- to look upon or treat with contempt; despise; scorn.
- to think unworthy of notice, response, etc.; consider beneath oneself: to disdain replying to an insult.
- a feeling of contempt for anything regarded as unworthy; haughty contempt; scorn.
Origin of disdain
Examples from the Web for disdaining
"Do get in, my dear girl," said Nana tranquilly, disdaining the onlookers.
But, disdaining my proffered hand, she stepped ashore unaided.The Suitors of Yvonne
"And then, this matter of studying," Bobby went on, disdaining her interruption.The Dominant Strain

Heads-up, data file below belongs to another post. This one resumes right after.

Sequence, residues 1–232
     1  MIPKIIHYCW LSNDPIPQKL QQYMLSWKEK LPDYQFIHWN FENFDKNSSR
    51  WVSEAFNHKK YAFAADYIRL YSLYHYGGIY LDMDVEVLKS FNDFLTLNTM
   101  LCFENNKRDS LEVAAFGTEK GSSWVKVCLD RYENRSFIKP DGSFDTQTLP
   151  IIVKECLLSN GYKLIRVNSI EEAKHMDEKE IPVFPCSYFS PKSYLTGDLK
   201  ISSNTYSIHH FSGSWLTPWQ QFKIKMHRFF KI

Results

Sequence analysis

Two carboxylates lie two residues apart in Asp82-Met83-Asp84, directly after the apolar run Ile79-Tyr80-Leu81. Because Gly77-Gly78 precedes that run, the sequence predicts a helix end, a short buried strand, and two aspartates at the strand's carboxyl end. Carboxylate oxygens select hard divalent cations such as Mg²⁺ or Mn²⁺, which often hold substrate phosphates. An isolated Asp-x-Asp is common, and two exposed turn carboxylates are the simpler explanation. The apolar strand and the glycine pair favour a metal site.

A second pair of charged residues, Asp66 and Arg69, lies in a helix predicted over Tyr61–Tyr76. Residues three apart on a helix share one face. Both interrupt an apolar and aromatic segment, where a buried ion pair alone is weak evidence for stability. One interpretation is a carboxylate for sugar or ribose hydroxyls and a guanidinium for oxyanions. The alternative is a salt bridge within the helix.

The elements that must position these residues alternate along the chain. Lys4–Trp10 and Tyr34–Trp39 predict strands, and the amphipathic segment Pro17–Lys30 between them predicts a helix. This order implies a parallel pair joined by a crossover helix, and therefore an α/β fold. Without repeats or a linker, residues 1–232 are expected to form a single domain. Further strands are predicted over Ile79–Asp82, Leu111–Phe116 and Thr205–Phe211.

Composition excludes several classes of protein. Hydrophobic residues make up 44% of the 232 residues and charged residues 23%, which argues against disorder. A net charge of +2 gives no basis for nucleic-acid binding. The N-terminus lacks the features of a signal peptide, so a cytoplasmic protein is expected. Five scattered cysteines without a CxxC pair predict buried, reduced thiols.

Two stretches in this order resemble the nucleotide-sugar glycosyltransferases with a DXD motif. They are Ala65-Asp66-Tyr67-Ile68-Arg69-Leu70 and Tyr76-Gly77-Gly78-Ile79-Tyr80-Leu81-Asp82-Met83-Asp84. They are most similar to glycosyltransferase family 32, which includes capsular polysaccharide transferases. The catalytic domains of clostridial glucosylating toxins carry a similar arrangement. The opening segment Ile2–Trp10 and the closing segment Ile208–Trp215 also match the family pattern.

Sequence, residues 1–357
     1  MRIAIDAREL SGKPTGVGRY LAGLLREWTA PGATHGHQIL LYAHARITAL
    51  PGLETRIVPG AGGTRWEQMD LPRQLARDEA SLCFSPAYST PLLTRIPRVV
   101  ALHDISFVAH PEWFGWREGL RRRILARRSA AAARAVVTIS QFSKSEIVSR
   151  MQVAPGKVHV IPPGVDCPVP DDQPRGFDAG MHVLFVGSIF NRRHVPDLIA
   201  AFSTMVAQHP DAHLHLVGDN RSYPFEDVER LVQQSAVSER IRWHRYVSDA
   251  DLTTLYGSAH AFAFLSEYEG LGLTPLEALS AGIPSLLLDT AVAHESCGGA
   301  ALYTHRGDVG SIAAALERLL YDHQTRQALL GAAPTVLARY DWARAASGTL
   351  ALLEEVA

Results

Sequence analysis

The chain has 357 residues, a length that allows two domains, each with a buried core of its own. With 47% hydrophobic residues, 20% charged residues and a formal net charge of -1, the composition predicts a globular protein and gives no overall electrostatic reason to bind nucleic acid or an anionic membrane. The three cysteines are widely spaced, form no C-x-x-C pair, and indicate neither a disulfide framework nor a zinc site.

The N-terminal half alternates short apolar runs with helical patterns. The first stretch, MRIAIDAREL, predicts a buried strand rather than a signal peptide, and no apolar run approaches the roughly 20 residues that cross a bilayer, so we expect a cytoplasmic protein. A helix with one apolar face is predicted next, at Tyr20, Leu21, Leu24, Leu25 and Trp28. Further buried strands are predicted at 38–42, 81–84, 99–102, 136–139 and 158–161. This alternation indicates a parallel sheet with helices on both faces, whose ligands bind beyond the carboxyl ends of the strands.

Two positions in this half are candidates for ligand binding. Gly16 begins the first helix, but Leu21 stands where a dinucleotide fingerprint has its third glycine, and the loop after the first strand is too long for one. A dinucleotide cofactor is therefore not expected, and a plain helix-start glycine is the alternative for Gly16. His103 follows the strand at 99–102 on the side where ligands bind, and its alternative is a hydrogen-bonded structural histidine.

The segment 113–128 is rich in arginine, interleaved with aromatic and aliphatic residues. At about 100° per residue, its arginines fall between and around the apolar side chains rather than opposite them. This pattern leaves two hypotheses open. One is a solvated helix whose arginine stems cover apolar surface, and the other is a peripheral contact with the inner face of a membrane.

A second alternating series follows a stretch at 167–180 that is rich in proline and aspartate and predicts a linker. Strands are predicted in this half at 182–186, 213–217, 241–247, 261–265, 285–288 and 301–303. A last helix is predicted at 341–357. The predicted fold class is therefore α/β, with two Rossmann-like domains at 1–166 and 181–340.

Anna Chapin Ray
The Aztecs literally died in their tracks, disdaining to fly.South American Fights and Fighters
Cyrus Townsend Brady
But there he stood, as if disdaining to fly, face fronting the enemy.The Pools of Silence
H. de Vere Stacpoole
- a feeling or show of superiority and dislike; contempt; scorn
- (tr; may take an infinitive) to refuse or reject with disdain
Word Origin and History for disdaining
mid-14c., desdegne "scorn, contempt," earlier dedeyne "offended dignity" (c.1300), from Old French desdeigne, from desdeignier (see disdain (v.)). Sometimes in early Modern English shortened to sdain, sdainful. Related: disdainful; disdainfully.